What is Comp Time? Compensatory Time Explained by Experts

What is Comp Time? Compensatory Time Explained by Experts

Compensatory time means providing employees with additional paid time off for the extra work hours they complete in a pay period. It is a type of benefit for employees designed to help them achieve better work-life balance.

Granting comp time off comes with specific rules and limitations that employers must abide by to ensure that employees’ rights are upheld and protected.

If you’re keen to learn more about compensatory time and how to properly implement this type of benefit, then this article serves as your guide.

Key Takeaways

  • Compensatory time is a type of employee benefit wherein paid time off is granted to employees for working overtime.
  • Exempt employees and non-exempt employees working in the public sector are eligible for comp time. Non-exempt employees working in the private sector are not.
  • Flex time is different from comp time because it pertains to offering flexible work hours to employees and seldom involves additional PTO.

What is Compensatory Time?

Compensatory time, or comp time, is the additional time off from work that employers grant their employees in place of overtime pay.

Comp time is offered as a type of employee benefit, wherein employees can use their accumulated compensatory time as paid time off (PTO) whenever they see fit.

Some may ask, Is there a difference between comp time vs. flex time? The answer is yes—flex time involves providing employees with leeway to adjust their work hours to address emergencies and other obligations outside of work.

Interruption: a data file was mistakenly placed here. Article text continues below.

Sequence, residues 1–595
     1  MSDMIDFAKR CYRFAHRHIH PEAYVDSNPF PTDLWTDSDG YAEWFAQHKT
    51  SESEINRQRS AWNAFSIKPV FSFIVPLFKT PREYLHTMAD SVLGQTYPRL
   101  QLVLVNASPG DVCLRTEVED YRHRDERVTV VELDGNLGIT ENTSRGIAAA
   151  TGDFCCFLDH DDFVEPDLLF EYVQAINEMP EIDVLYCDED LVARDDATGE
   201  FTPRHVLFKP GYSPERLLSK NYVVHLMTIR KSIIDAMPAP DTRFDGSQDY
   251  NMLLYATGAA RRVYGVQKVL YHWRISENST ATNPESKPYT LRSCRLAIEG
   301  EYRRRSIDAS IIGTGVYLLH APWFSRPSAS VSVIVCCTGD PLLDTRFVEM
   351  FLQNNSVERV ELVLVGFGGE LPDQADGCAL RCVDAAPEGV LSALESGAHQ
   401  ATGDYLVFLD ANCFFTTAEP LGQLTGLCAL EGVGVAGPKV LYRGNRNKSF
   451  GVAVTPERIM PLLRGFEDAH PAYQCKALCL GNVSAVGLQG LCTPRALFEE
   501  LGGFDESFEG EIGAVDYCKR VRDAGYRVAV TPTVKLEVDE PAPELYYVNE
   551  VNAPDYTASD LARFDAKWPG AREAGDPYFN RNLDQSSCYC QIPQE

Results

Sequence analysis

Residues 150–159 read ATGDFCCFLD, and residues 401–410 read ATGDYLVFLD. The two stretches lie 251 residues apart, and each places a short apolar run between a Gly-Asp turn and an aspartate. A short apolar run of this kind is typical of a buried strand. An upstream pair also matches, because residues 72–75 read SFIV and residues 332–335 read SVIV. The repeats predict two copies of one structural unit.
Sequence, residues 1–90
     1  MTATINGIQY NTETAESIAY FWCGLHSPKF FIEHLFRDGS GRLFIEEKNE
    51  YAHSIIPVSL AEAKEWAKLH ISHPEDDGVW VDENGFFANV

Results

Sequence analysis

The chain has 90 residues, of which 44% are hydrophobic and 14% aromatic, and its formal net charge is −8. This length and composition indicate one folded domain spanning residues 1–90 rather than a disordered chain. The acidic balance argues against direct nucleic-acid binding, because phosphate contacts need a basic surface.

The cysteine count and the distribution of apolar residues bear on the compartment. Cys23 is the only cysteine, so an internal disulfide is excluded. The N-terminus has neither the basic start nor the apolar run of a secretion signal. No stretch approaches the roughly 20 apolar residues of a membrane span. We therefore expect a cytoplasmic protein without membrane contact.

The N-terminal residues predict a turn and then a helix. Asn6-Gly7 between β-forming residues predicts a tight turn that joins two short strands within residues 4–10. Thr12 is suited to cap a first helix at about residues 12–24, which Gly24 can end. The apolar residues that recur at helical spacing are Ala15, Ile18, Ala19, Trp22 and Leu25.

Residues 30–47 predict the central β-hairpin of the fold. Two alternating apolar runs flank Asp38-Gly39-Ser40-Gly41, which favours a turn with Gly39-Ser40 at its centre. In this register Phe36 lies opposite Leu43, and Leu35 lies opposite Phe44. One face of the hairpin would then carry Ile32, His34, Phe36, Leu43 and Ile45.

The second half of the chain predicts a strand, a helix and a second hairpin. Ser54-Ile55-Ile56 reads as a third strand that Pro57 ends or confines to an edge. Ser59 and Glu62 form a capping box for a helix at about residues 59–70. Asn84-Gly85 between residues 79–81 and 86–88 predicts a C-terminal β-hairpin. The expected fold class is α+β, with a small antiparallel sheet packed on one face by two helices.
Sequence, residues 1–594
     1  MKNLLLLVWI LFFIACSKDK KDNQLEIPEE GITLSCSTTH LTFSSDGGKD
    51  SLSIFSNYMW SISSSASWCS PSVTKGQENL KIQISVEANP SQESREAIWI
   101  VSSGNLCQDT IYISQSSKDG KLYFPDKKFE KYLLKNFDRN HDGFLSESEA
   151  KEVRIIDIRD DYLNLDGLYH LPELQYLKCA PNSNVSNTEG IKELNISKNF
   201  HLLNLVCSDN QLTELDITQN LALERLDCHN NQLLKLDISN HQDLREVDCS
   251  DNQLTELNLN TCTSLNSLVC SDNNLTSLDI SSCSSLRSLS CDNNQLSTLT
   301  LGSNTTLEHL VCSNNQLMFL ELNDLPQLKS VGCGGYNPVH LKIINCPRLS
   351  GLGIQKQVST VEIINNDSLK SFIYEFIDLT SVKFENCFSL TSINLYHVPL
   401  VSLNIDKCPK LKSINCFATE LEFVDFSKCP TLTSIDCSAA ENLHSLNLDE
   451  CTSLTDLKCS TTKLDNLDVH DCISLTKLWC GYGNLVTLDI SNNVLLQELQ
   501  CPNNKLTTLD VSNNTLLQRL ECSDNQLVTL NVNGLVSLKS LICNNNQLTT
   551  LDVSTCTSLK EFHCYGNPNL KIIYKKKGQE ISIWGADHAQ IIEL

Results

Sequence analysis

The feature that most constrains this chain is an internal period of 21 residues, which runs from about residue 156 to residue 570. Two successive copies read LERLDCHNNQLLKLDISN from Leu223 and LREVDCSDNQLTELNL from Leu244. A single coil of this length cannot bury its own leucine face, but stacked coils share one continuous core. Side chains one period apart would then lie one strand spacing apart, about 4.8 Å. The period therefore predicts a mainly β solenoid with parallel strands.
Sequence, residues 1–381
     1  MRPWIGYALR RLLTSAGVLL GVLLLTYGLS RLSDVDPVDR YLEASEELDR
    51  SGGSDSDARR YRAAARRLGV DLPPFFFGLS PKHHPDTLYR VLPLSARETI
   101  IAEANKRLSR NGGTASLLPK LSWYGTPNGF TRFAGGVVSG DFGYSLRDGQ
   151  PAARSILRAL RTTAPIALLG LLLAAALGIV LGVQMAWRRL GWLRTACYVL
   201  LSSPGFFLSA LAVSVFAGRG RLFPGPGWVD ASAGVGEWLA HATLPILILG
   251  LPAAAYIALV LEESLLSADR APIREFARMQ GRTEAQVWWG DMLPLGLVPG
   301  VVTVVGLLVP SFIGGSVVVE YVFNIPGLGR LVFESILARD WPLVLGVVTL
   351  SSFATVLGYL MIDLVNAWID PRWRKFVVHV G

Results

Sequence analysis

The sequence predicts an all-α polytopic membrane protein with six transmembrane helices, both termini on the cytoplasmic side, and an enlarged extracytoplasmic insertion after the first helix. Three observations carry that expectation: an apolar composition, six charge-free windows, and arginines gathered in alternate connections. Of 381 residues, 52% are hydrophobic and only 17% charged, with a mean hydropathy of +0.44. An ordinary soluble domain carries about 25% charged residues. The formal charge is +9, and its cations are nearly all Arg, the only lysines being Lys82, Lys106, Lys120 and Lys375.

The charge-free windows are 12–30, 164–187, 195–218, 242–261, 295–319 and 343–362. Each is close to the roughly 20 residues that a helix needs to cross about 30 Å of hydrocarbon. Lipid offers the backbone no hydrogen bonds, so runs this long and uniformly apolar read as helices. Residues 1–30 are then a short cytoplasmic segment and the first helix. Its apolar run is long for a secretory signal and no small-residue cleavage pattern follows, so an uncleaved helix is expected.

Flex time does not involve accruing additional paid vacation days or time off of work.

How to Find Compensatory Time on Paystubs

Here’s a tip to find compensatory time on pay stubs:

Comp time on pay stubs is usually included under the Hours and Earnings column or section. Some companies may also use various pay stub abbreviations when referring to an employee’s compensatory time off.

These abbreviations include:

  • Comp Time Earned Premium. It refers to the additional pay granted to employees in response to the extra work hours they rendered.
  • Comp Time Earned Straight. The term describes the total number of compensatory hours that an employee has accumulated.
  • Comp Time Used. It enumerates the amount of comp PTO used up by an employee.

It is crucial for the company’s payroll department to ensure that employee’s compensatory balances are reflected on their pay stubs. If an employee uses their comp time or collects additional extra hours, then the changes must also appear on their latest paycheck.

Is Compensatory Time Legal?

The legality of compensatory time depends on whether employers are granting paid time off to non-exempt or exempt employees.